We’ve stored our relationship types as attributes on the module, @default_user_relationship and @admin_user_relationship. The schema itself maps very closely with the database table we defined earlier, only we’ve defined a default value for the relationship in our application.

The changeset/2 function has some new function calls too. We’re using validate_inclusion/4 to make sure that the relationship is one of the known types we defined earlier. We’re also providing a name option with our unique_constraint/3 call, which specifies the name of the index that will be used to validate the unique constraint.

You’ll notice that we’re only providing one field name for the unique constraint, which the Ecto docs explain will be used as the key for our changeset error. That is, in practical terms, that the error will be associated with the :organisation field of our schema. We can only provide one field name to unique_constraint/3, but we must make sure it’s part of the index whose name we have provided.

Now that the relationship schema has been created, we can reference it from both the Organisation, and Roster modules. Starting with lib/roster_app/organisations/organisation.ex, we can add a many_to_many field to the schema with the name :users, providing the User module as the type.

We also have to specify the schema to that the many-to-many relationship is stored in. We do this by providing either a schema name or module containing a schema as the join_through option. Below I’ve decided to use the OrganisationUser module we just created.

schema "organisations" do
  field :name, :string
  many_to_many :users, RosterApp.Accounts.User, join_through: RosterApp.Organisations.OrganisationUser


And likewise, in our User, we can add the many_to_many field to the schema, with the name :organisations, providing the Organisation module as the type, joining through the OrganisationUser module.

schema "users" do
    field :display_name, :string
    field :email, :string
    field :password, :string
    many_to_many :organisations, RosterApp.Organisations.Organisation, join_through: RosterApp.Organisations.OrganisationUser


Since Rosters also have a relationship with Organisations we will need to update its schema to reflect the new Organisation module we’ve created.

We first need to add a belongs_to field to our schema, to indicate that each roster is “owned” by an organisation. We will also need to update the changeset/3 call to include the :organisation_id in the cast/3 and validate_required/3 calls.

schema "rosters" do
  field :name, :string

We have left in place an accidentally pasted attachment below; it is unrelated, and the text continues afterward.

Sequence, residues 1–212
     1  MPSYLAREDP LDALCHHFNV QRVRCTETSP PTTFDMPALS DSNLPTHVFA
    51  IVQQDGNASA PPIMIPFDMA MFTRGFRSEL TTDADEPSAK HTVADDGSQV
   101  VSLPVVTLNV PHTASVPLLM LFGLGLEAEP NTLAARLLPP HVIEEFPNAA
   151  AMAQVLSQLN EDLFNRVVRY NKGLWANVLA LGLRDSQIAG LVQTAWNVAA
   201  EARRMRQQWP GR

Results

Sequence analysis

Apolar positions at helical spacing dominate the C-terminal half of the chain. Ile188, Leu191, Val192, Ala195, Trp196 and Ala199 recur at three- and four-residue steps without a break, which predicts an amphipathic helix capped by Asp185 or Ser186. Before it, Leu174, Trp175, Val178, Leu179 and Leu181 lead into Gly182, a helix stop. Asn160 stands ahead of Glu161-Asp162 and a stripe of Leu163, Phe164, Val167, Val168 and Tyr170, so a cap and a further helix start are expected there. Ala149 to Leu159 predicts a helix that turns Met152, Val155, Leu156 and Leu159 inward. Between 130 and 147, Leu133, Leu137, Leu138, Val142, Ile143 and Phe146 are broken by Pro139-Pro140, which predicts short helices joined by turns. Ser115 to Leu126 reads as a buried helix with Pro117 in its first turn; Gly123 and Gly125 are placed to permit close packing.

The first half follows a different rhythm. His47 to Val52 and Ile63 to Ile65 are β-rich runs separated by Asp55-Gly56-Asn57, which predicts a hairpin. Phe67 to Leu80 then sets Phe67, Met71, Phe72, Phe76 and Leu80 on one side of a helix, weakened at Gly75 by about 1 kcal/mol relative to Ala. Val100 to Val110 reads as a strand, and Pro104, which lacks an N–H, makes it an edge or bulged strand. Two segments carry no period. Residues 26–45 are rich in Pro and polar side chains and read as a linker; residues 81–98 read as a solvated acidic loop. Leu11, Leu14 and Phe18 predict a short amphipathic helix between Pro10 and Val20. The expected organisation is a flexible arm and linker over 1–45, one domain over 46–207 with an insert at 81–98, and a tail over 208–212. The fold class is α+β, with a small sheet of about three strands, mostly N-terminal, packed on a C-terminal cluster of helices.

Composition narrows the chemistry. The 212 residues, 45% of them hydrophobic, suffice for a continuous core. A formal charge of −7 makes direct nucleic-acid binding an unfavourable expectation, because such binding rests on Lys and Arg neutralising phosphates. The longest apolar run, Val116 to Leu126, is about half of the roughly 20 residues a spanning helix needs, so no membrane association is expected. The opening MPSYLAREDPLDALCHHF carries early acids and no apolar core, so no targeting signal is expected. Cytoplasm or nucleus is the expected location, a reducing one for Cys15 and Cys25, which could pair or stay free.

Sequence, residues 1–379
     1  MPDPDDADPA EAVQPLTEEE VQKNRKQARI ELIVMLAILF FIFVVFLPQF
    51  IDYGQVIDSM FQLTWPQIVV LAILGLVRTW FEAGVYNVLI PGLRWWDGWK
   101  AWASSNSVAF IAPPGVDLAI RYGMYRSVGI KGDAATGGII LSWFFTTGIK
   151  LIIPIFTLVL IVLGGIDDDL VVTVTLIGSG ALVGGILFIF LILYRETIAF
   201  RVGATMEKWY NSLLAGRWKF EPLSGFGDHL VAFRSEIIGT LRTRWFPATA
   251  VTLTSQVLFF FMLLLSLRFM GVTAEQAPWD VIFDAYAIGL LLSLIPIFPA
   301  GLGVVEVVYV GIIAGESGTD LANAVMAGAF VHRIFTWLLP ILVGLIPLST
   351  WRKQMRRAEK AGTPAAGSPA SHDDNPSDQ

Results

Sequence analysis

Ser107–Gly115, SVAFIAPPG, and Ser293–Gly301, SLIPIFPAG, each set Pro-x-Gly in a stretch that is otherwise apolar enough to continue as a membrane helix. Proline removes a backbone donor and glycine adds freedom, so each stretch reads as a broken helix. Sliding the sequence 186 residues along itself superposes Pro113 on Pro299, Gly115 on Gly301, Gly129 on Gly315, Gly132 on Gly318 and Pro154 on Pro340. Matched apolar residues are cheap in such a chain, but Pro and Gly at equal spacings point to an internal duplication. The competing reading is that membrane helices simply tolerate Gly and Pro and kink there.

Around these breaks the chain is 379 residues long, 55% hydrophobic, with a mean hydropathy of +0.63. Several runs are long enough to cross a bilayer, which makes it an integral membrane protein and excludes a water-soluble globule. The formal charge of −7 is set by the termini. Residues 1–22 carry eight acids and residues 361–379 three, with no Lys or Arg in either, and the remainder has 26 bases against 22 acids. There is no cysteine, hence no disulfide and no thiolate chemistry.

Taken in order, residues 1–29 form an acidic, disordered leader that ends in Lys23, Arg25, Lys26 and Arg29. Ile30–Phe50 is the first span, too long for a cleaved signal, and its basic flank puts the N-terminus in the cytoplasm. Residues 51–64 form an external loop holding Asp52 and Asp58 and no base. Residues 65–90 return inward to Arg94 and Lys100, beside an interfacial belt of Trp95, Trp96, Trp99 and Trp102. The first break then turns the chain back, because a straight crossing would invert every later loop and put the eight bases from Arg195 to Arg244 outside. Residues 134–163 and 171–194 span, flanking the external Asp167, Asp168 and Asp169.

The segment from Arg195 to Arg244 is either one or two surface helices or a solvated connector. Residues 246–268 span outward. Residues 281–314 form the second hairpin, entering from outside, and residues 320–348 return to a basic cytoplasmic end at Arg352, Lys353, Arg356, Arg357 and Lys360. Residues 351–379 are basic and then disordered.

belongs_to :organisation, RosterApp.Organisations.Organisation


@doc false
def changeset(%Roster{} = roster, attrs) do
  |> cast(attrs, [:name, :organisation_id])
  |> validate_required([:name, :organisation_id])

Now if we try and run mix ecto.migrate now we’ll face the same problem we did when adding Roster, we’ve defined a non-nullable field (on rosters) with no sane default. So restart your db container, and then run mix ecto.create && mix ecto.migrate && mix phx.server to get everything running.

If we try and add in our data again we’ll get stuck when attempting to create a roster, since we haven’t updated the UI to handle the new :organisation_id field we just made a required field. Opening up lib/roster_app_web/templates/roster/form.html.eex we can simply add another number_input to collect the data we need.

  <div class="form-group">
    <%= label f, :organisation_id, class: "control-label" %>
    <%= number_input f, :organisation_id, class: "form-control" %>
    <%= error_tag f, :organisation_id %>

At this point, we should be able to create a user, an organisation, roster and shift.

Time For A Breather

If you haven’t worked with Phoenix before, we really covered a lot today.

We got Phoenix installed, modelled our domain, used generators to scaffold out parts of our application according to that domain, modified database migrations, schemas, modules, changeset validations, and even the UI!

Hopefully you explored some of the documentation linked to throughout this blog post. I found it to be most helpful, especially for Ecto.Changeset and Ecto.Migration.

Most importantly we learned that generators are a starting point, and that there’s nothing to be scared of when modifying code that has been generated for you, you aren’t beholden to what the generators can do for you.

One of the things that has really pleased me as I’ve been learning Phoenix and Ecto is how little magic there is really going on, and it’s quite easy to peek under the hood and look at the git repos of Phoenix or Ecto .

There’s a lot to improve with this app, and with our understanding of Phoenix, but this is a good start.

The git repo for this project can be found at Huddo121/RosterApp